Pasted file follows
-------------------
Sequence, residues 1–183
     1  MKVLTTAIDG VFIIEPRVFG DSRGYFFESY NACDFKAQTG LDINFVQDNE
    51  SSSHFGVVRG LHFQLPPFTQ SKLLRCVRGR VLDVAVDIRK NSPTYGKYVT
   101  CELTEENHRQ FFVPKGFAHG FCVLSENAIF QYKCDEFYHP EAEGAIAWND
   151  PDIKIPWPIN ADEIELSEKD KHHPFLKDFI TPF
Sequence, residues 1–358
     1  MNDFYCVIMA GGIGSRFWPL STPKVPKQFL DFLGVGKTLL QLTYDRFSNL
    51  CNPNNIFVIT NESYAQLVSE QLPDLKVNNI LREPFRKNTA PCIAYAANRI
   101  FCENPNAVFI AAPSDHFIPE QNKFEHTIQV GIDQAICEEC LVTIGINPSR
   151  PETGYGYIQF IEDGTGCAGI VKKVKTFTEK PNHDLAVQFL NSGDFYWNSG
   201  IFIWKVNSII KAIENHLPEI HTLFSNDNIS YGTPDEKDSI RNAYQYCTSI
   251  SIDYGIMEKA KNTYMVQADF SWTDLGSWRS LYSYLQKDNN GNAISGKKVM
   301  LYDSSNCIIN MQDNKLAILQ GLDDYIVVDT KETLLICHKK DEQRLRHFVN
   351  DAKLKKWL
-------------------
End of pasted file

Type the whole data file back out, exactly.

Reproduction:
Sequence, residues 1–183
     1  MKVLTTAIDG VFIIEPRVFG DSRGYFFESY NACDFKAQTG LDINFVQDNE
    51  SSSHFGVVRG LHFQLPPFTQ SKLLRCVRGR VLDVAVDIRK NSPTYGKYVT
   101  CELTEENHRQ FFVPKGFAHG FCVLSENAIF QYKCDEFYHP EAEGAIAWND
   151  PDIKIPWPIN ADEIELSEKD KHHPFLKDFI TPF
Sequence, residues 1–358
     1  MNDFYCVIMA GGIGSRFWPL STPKVPKQFL DFLGVGKTLL QLTYDRFSNL
    51  CNPNNIFVIT NESYAQLVSE QLPDLKVNNI LREPFRKNTA PCIAYAANRI
   101  FCENPNAVFI AAPSDHFIPE QNKFEHTIQV GIDQAICEEC LVTIGINPSR
   151  PETGYGYIQF IEDGTGCAGI VKKVKTFTEK PNHDLAVQFL NSGDFYWNSG
   201  IFIWKVNSII KAIENHLPEI HTLFSNDNIS YGTPDEKDSI RNAYQYCTSI
   251  SIDYGIMEKA KNTYMVQADF SWTDLGSWRS LYSYLQKDNN GNAISGKKVM
   301  LYDSSNCIIN MQDNKLAILQ GLDDYIVVDT KETLLICHKK DEQRLRHFVN
   351  DAKLKKWL